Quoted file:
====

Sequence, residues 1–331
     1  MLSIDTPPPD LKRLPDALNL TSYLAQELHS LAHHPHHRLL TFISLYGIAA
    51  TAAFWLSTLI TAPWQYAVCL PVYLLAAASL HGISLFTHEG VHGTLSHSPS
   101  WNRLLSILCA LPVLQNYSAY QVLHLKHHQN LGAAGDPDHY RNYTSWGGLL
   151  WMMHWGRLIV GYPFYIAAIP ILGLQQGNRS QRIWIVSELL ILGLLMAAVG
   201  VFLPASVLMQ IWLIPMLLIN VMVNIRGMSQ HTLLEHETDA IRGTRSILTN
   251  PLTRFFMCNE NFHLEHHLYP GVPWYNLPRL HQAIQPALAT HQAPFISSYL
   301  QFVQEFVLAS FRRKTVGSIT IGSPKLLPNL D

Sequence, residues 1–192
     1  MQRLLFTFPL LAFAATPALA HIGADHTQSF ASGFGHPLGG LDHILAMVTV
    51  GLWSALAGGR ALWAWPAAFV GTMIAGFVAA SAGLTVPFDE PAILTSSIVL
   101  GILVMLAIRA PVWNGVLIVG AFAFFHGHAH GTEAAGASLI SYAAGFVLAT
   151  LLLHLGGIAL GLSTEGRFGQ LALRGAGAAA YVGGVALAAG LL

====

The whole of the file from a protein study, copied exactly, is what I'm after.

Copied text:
Sequence, residues 1–331
     1  MLSIDTPPPD LKRLPDALNL TSYLAQELHS LAHHPHHRLL TFISLYGIAA
    51  TAAFWLSTLI TAPWQYAVCL PVYLLAAASL HGISLFTHEG VHGTLSHSPS
   101  WNRLLSILCA LPVLQNYSAY QVLHLKHHQN LGAAGDPDHY RNYTSWGGLL
   151  WMMHWGRLIV GYPFYIAAIP ILGLQQGNRS QRIWIVSELL ILGLLMAAVG
   201  VFLPASVLMQ IWLIPMLLIN VMVNIRGMSQ HTLLEHETDA IRGTRSILTN
   251  PLTRFFMCNE NFHLEHHLYP GVPWYNLPRL HQAIQPALAT HQAPFISSYL
   301  QFVQEFVLAS FRRKTVGSIT IGSPKLLPNL D

Sequence, residues 1–192
     1  MQRLLFTFPL LAFAATPALA HIGADHTQSF ASGFGHPLGG LDHILAMVTV
    51  GLWSALAGGR ALWAWPAAFV GTMIAGFVAA SAGLTVPFDE PAILTSSIVL
   101  GILVMLAIRA PVWNGVLIVG AFAFFHGHAH GTEAAGASLI SYAAGFVLAT
   151  LLLHLGGIAL GLSTEGRFGQ LALRGAGAAA YVGGVALAAG LL